# What is variance argument in quasi-generalized linear models?

The glm function in R can estimate models from a number of families, including the quasi family. The quasi family takes a variance parameter.

What is the variance function for?

• I am convinced this is a question requiring some statistical expertise; I have reopened; please note that programming questions are usually off topic. You will be better off making your questions more general. Nov 15, 2017 at 3:57
• I'm really more interested in the variance parameter to the quasi family, which can be "constant", "mu(1-mu)", "mu", "mu^2" and "mu^3" . . . what are those for/what do they do? Nov 16, 2017 at 14:47
• So your question is more "what's the role of the Variance function in a glm?" It's to specify how the variance is related to the mean. I've modified my answer a little. Nov 16, 2017 at 22:39

In a generalized linear model (GLM), the distributional family entails a specific variance function $V(\mu)$, and in some cases also the dispersion parameter, $\phi$ (e.g. for the Poisson and binomial, which have $\phi=1$).

The link and variance functions are really what drives the fitting of a GLM.

In particular, the variance function $V(\mu)$ specifies how the conditional variance is related to the conditional mean, $\mu$. Let $\mu(x)=E(Y|x)$; then $\text{Var}(Y|x)=\phi V(\mu)$ for some function $V$. If you specify a distribution family that determines $V$ and sometimes $\phi$. If you specify the quasi family you choose $V$ yourself.

In that case, rather than specify a specific distributional family, you could specify a quasi model, which allows you to specify a link and a variance function of your preference (for example, you might perhaps do this if your preferred combination is not available in one of the families). It also has $\phi$ free rather than setting it to any specific value. You can pair link and variance functions that wouldn't normally go together.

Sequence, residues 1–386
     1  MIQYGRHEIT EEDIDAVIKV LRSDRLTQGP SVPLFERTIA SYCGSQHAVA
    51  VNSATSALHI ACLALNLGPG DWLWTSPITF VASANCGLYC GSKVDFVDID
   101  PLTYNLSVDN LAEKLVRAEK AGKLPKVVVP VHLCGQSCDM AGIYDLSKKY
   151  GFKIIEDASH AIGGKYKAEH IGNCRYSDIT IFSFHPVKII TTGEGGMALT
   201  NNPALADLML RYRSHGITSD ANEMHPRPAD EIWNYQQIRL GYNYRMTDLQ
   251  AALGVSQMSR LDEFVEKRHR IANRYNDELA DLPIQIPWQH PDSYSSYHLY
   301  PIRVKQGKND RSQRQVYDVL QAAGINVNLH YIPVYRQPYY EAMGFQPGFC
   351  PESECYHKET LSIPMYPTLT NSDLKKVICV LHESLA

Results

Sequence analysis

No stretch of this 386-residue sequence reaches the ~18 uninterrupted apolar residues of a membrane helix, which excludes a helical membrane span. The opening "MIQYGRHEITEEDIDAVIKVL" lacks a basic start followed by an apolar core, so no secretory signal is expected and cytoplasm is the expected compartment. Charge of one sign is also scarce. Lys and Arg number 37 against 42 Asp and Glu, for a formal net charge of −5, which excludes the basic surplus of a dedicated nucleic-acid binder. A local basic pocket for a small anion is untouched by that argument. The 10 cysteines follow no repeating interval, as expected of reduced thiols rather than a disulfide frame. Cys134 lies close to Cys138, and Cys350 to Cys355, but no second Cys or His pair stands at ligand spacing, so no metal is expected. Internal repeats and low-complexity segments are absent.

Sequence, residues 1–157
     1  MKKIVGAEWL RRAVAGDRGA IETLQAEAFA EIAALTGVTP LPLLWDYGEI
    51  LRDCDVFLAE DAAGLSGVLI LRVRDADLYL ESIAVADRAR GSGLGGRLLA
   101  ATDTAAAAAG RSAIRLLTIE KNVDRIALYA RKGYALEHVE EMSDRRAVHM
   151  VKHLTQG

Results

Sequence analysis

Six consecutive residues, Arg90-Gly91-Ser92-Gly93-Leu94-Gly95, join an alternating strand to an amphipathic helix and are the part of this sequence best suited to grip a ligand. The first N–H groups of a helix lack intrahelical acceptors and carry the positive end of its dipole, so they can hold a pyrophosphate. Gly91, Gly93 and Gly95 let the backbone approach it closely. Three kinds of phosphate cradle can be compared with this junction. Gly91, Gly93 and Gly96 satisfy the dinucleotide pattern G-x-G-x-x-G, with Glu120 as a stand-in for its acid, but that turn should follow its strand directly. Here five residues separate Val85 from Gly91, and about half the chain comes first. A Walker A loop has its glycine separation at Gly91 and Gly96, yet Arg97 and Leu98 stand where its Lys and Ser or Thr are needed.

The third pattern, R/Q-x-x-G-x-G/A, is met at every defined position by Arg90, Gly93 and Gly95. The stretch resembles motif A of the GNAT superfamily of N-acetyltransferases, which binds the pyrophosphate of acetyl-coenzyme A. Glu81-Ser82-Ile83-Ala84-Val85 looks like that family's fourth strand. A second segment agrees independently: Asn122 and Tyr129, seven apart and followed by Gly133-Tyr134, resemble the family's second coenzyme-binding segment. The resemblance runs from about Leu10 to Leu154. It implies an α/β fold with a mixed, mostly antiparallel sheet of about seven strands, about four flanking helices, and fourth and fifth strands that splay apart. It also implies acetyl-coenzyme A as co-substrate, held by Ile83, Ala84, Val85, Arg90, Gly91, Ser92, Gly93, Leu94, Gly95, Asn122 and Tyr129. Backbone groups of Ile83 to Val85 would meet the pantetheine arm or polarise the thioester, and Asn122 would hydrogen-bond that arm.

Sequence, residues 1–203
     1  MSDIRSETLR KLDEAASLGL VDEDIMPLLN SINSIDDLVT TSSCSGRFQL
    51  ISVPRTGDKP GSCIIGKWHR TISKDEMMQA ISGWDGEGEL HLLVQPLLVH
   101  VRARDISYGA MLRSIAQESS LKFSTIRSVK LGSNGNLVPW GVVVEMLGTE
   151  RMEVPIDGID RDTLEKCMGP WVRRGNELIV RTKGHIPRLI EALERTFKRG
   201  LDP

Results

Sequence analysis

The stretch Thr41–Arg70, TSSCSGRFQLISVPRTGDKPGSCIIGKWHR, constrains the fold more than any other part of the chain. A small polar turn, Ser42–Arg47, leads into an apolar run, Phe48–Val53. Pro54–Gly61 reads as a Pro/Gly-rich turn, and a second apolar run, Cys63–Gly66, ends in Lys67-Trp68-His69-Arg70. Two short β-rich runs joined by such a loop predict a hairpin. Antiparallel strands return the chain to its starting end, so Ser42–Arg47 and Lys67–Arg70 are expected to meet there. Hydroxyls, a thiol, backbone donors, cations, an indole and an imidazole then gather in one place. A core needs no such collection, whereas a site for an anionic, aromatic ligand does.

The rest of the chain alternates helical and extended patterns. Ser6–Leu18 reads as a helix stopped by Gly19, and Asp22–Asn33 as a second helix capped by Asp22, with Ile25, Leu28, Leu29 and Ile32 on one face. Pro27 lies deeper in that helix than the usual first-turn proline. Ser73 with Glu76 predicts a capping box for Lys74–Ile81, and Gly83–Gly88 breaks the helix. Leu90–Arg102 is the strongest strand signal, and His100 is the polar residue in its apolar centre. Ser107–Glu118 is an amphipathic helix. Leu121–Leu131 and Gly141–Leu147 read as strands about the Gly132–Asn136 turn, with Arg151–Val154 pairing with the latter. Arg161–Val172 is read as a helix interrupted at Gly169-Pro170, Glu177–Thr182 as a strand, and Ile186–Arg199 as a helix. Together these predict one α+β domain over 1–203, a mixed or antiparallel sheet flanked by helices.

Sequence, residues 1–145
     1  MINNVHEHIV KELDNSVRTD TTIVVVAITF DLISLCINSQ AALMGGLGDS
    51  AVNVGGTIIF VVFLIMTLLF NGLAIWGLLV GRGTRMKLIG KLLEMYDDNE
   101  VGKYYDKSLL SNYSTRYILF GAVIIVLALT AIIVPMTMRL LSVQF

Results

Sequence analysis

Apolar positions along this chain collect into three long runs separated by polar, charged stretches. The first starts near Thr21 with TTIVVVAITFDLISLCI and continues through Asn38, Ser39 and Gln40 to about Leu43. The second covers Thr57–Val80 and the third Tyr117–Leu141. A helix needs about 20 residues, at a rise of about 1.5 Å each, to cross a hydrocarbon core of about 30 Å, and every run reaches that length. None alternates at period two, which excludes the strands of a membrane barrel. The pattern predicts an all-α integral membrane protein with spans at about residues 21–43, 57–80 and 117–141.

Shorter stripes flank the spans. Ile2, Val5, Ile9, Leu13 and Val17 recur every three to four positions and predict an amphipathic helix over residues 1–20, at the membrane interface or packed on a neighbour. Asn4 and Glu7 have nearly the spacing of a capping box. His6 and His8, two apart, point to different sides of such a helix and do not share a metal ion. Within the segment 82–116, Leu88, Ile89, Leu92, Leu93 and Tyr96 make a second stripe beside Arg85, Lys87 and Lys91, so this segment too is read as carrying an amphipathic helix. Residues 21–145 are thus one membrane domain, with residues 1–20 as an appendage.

You can even write your own variance function, should none of the built-in options suit you.

What you get is a model within the exponential family that has the specified variance function and link function. This offers a great deal of flexibility (though with such flexibility it's possible to pair things that may sometimes be difficult to achieve convergence with, or may make little sense).

• +1 but here you gloss over the fact that there might not be such a distribution at all (which is probably why it's called "quasi"?). I remember another answer of yours about quasi-binomial model where you explain how a distribution corresponding to the scaled binomial variance function isn't actually defined on integers and so "does not exist" as a count distribution. Nov 16, 2017 at 22:51
• @amoeba Indeed that's possible in some cases, but not necessarily of great consequence -- if we're already in the realm of quasi models we're probably more focused on getting the mean and variance descriptions approximately right than identifying some specific distributional form. Certainly with count data it's sometimes easy to specify a distribution that can't actually be an exponential-family count distribution. Sometimes that will be an issue and sometimes less so. (If you want to use it to simulate counts from the fitted distribution, it would definitely be a problem; for example) Nov 16, 2017 at 23:36
• Right. But if we are dealing with continuous (instead of count) models, then every variance function $\phi V(\mu)$ will correspond to a particular exponential dispersion family, correct? So this "glm without a distribution" phenomenon occurs only with count data? What confuses me is that Wikipedia says that "quasi-likelihood function is not the log-likelihood corresponding to any actual probability distribution" (en.wikipedia.org/wiki/Quasi-likelihood); would this mean that the term "quasi" should be reserved only for these count situations without a corresponding distribution? Nov 17, 2017 at 8:09
• @amoeba I think "[For] continuous models .. every variance function ϕV(μ) will correspond to a particular exponential dispersion family, correct?" would be a great question to ask (right now, I don't know -- I have some notion it that I think would hold up, but it's not a question I've really considered in depth for the continuous case). The final question is really one of terminology, which often doesn't go as I expect, but I wouldn't go so far; I'd rather not put too much weight on what Wikipedia says in general. I'd have rather said that the quasi likelihood doesn't have to correspond. Nov 17, 2017 at 8:14